If the Garage Pizza has any failing, it’s the crust; it doesn’t hold up well over time, and doesn’t reheat well. The segment underneath the toppings will be fine, but if the pie is more than 45 minutes cold you’ll probably have to stop eating at the “handle” portion of the crust. A small price to pay.
Of course, Garage has a whole host of other unique pies: The Hot-and-Sweet Pepperoni, with its pineapple and jalapeno; the Elmerino, with pignolias and pesto-dipped mozzarella; and the Game Pie, full of pork and peppers and onions. But I haven’t quite made it past the Garage Pizza.
Summer may have ended a couple of days ago, but we never really got one, and it looks like our real summer may be ahead of us. If you are heading to the beaches west of Los Angeles this weekend, you’re in luck. First, you should check out the Summer of Color public art project. Billed as the largest public art project in the U.S., Summer of Color involves thousands of children and adults from local schools, hospitals, and social services programs, many of whom have physical and other challenges, who painted the lifeguard towers along the beach from Zuma to San Pedro. Each tower is different, but many of the designs incorporated flowers and geometric shapes for symbolic reasons (see the above link for more info). These towers were painted some time ago, but if you’re like me, you may not have checked them out up close. I did so recently in Marina del Rey, and was rewarded with the glorious sights pictured above (at Mother’s Beach in the Marina Harbor) and below.
This Saturday night, from 7 p.m. to 3 a.m., the beach adjacent to the Santa Monica Pier will light up, as GLOW returns after a two-year hiatus. According to its website,
Glow is the only all-night art event in the United States that emphasizes the commissioning of original artwork. Glow projects invite active audience engagement and exploration and constantly surprise in their unexpected placement in spaces and times not normally reserved for fine art.
I covered the first Glow event in 2008, and found some first-time shortcomings. This year, however, a friend of mine is working there, and I’m looking forward to seeing the new and hopefully improved version.
On Sunday, a few blocks from the beach, the 26th annual Abbott Kinney Festival will take place along Abbott Kinney Blvd. in Venice, from 10 a.m. to 6 p.m. The festival features live music, gourmet food trucks, handcrafted items for sale, beer gardens, valet stations for those arriving by bicycle, and much more. The festival is lots of fun, provided you do not mind very tightly packed crowds.
I’m looking forward to having a really fun summer this fall!
You know the situation: You go to your favorite restaurant, planning to try something new. You want to be one of the regulars. One of the people who’s had everything on the menu. One of those cool diners who knows the head chef’s first name and sometimes he comes out to say hi to you, and maybe suggests something that’s really good today and the right wine to go with it.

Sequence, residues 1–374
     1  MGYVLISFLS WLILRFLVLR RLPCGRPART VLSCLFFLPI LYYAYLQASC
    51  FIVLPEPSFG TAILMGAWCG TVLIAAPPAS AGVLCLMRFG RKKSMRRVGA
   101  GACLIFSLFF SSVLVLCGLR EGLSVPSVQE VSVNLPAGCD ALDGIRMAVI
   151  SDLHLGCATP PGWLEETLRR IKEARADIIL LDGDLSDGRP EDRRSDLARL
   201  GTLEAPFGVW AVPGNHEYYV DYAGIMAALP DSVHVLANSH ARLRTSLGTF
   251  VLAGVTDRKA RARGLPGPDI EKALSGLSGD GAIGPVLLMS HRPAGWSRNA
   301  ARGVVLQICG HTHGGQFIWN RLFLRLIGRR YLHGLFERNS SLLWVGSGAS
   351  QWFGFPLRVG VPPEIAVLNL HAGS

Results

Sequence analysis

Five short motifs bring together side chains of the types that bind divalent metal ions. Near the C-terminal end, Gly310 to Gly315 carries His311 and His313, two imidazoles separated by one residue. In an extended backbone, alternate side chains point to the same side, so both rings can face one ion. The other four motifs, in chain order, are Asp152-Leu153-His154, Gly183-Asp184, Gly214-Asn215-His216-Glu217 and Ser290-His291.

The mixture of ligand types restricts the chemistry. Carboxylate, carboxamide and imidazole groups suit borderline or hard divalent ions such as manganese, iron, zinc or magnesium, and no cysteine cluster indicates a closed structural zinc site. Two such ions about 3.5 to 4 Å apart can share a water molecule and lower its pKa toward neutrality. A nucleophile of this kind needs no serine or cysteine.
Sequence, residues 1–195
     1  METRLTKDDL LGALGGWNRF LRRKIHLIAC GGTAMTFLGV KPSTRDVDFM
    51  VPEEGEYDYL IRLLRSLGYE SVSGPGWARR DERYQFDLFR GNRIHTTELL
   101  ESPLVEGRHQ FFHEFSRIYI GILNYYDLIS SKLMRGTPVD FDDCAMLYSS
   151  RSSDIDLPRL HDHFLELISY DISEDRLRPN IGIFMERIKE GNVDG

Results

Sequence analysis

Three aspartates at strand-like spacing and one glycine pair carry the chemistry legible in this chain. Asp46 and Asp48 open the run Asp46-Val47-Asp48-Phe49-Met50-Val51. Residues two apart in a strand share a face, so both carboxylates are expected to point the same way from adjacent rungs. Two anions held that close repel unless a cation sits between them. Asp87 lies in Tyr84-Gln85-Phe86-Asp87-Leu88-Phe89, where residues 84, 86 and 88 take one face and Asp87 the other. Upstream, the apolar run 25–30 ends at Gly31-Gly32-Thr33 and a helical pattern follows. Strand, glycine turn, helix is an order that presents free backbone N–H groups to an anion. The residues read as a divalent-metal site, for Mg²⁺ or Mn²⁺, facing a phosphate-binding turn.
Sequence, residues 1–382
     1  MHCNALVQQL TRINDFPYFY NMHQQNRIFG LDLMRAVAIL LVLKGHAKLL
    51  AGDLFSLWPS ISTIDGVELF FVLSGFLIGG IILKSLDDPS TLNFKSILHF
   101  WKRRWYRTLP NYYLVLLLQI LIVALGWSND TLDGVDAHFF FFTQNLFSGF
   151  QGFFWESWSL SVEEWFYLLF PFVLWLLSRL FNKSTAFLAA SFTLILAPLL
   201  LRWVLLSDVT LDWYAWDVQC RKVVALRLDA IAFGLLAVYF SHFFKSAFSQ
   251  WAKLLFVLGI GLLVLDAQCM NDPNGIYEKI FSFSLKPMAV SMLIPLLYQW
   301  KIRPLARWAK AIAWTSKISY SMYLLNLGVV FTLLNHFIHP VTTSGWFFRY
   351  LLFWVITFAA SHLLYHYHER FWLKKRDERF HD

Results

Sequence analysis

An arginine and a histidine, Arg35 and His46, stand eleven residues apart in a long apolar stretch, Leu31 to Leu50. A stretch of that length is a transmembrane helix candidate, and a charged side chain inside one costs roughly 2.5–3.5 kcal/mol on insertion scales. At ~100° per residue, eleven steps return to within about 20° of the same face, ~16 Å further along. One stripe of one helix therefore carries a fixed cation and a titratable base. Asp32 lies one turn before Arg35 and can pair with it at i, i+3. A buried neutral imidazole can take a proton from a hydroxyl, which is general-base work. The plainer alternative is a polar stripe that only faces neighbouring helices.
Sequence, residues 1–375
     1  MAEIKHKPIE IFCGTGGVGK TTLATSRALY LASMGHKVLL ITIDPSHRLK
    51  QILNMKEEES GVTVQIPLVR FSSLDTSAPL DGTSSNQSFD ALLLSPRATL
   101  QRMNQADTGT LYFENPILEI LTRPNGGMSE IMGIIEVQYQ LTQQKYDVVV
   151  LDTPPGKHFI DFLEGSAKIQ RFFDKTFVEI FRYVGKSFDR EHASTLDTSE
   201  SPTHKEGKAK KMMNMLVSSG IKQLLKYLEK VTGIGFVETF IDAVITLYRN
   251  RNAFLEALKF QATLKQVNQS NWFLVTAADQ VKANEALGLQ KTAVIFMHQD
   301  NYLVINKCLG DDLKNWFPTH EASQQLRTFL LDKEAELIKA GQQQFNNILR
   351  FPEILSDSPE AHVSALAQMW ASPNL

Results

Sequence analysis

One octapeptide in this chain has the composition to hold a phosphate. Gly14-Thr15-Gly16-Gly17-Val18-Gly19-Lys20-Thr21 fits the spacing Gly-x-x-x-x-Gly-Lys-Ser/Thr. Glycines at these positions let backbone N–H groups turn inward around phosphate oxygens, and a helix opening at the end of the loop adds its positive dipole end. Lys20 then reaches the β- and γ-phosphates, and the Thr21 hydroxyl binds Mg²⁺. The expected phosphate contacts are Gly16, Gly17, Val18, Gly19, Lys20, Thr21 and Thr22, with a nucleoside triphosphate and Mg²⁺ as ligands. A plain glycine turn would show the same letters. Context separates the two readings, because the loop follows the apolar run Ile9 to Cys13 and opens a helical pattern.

But then you sit down and open the menu. And your eyes fall right to that same thing you always get. And you think: NO! I promised myself I’d try something new. I promised myself I’d expand my horizons. But really, I’m kind of tired, and I’m in a comfort-food kind of mood, and anyway I don’t want to risk going home unsatisfied, because then I’d just wait until 10 PM and eat a frozen pizza or half a box of cheese crackers. So you order the old standby. And you don’t regret a thing.
This series is for you.
It’s dedicated to those dishes that keep you coming back; those singular meals at your favorite restaurants that make you say things like: Don’t go to Costa Alegre without trying the huevos divorciados. And don’t go to Fred 62 without trying the Bearded Mr. Frenchy. And certainly don’t go to Carousel without gorging yourself stupid on the Merry-Go-Round, an enormous pile of meat that some mad scientist could use to create an unholy cow-chicken-lamb zombie hybrid. It would seem so peaceful, until all those popping flashbulbs frightened it into a rampage. Why, oh, why did we hold the press conference on such a cloudy day! And now my beloved Sophia, dead! Dead! If only there were some way to bring her back…
But I digress. Over the next couple of weeks, you’ll read about some of the finest meals Los Angeles and its environs have to offer, from orange blueberry pancakes to fish tacos to bun thit nong. No, I won’t tell you what bun thit nong is. You’ll just have to wait. Also, I don’t know what it is.